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Local Business Pair Donate $50k, Urge Others to Join Effort

As the grim reality of an unraveling economy begins to grip Pasadena, with nearly 20 million Americans filing for unemployment aid since coronavirus precautions have shut down businesses, many local nonprofit organizations have been scrambling to put emergency services into place and ramp up operations to meet the rise in needs, from food insecurity to homelessness to social services.
And while the nonprofit sector has jumped into action, some business owners are underpinning the widespread effort to help.
One such pair of local businessmen, Pete Kutzer of Edgewood Realty Partners and Patrick Chraghchian of Adept, began watching in disbelief in late March as measures to curb the spread of COVID-19 cascaded in closures across the city where they’ve worked and socialized for decades. Colleagues were shuttering small businesses and restaurants in tandem, and healthcare friends were suddenly at risk. They began to hear of job losses spreading across the city.
“We knew we wanted to find a way to help fight COVID-19 in the greater Pasadena area, and we wanted to build some momentum from the business community as a whole to help underpin that,” Kutzer said. “We could see the need is obvious and immediate, and we didn’t want to wait any longer when we were in a position to help now.”
Together, Edgewood Realty and Adept have donated $50,000 to a dozen local nonprofits, many of which provide support to first responders, medical care, food distribution or other social services, including Union Station Homeless Services, Huntington Hospital, Pasadena Educational Foundation, Pasadena Police Foundation, Boys & Girls Club of Pasadena, Muse/ique, Young & Healthy Pasadena, the Armory Center for the Arts, and Friends In Deed.
Both Kutzer and Chraghchian have been involved in nonprofit volunteerism over the years and were familiar with what the shut downs would mean to all of the respective spring charity galas and fundraisers.
“Pasadena has such an incredible group of nonprofits that bring comfort and hope to the community and bring vibrancy to our town … so many have been strained financially during a time when the community needs them the most,” Kutzer noted, adding he reached out to longtime acquaintance and friend Jennifer DeVoll, president/CEO of the Pasadena Community Foundation, who immediately connected him with some of the organizations in need of immediate assistance.
Meanwhile, Chraghchian was brainstorming about how else to help, apart from donating money.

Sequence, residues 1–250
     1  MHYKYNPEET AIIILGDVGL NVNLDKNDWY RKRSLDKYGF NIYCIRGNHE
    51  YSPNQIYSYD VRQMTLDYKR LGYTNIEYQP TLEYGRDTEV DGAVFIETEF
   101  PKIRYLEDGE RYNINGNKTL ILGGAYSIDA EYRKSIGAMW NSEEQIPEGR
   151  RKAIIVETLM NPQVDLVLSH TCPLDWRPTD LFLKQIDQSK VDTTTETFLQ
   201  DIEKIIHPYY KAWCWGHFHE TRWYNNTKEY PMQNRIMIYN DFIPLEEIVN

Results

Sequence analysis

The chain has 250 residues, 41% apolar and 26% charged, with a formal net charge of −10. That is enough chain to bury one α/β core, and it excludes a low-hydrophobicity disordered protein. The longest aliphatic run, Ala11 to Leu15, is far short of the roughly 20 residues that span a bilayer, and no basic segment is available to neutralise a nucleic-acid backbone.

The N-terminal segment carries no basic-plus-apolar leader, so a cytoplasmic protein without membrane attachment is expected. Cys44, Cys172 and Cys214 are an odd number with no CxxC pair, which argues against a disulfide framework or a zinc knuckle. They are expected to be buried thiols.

“It’s something we’ve done for years — supporting the community and supporting the people who are doing good and kind things out in the community. But we really thought it was a good time to do something extra for those who are also going beyond the call of duty for all of us,” Chraghchian said. “I’m not optimistic about things going back to normal very quickly, but I expect we will all have to adjust to a new normal somehow. I suppose it felt like it might be easy to wait and see how things evolve before making a decision, but we thought if you’re going to make an impact, that need is now. We didn’t think we should just sit on the fence and do nothing when the immediate need is now. And we hope other businesses will join us in doing anything they can, too.”
Chraghchian hopes he and others can donate more money further down the line, but in the meantime, he has also mobilized to help make connections to increase the manufacturing of face shields and masks. With a brother in Las Vegas in the window film manufacturing business who was able to pivot operations to create plastic face shields, Chraghchian was able to arrange for a donation of 100 plastic face shields to the city, a task he sees as “minimal” when compared to those on the front lines of the pandemic.
“Us giving money or donating is really not important compared to what our first responders are doing — the reality is this is the easy part. I just want to make sure what we are doing is helping and not taking away from what others are doing, too. I figure if I can help and make things just a little better and safer in the city, then I have an obligation to keep doing it.”
Pasadena Community Foundation, which manages funding for local charitable assets, has said it is thankful for business owners like Kutzer and Chraghchian and other donors who have offered immediate financial relief to nonprofits, noting that any amount, no matter how large or small, makes a difference in the lives of those suffering. Some of the smallest donations at PCF start at $25, DeVoll noted, but it all adds up.
“I think it’s fantastic what Pete and Patrick are doing,” DeVoll said. “The business community is having its own crises, and for them to step up in this way when everybody’s situation has been diminished is really telling of the commitment in Pasadena to support our nonprofit organizations. It’s a great effort, especially their message, which is that ‘If you are in a position to help, you should.’”
To learn more about helping or donating to local nonprofits, visit PCF’s website at

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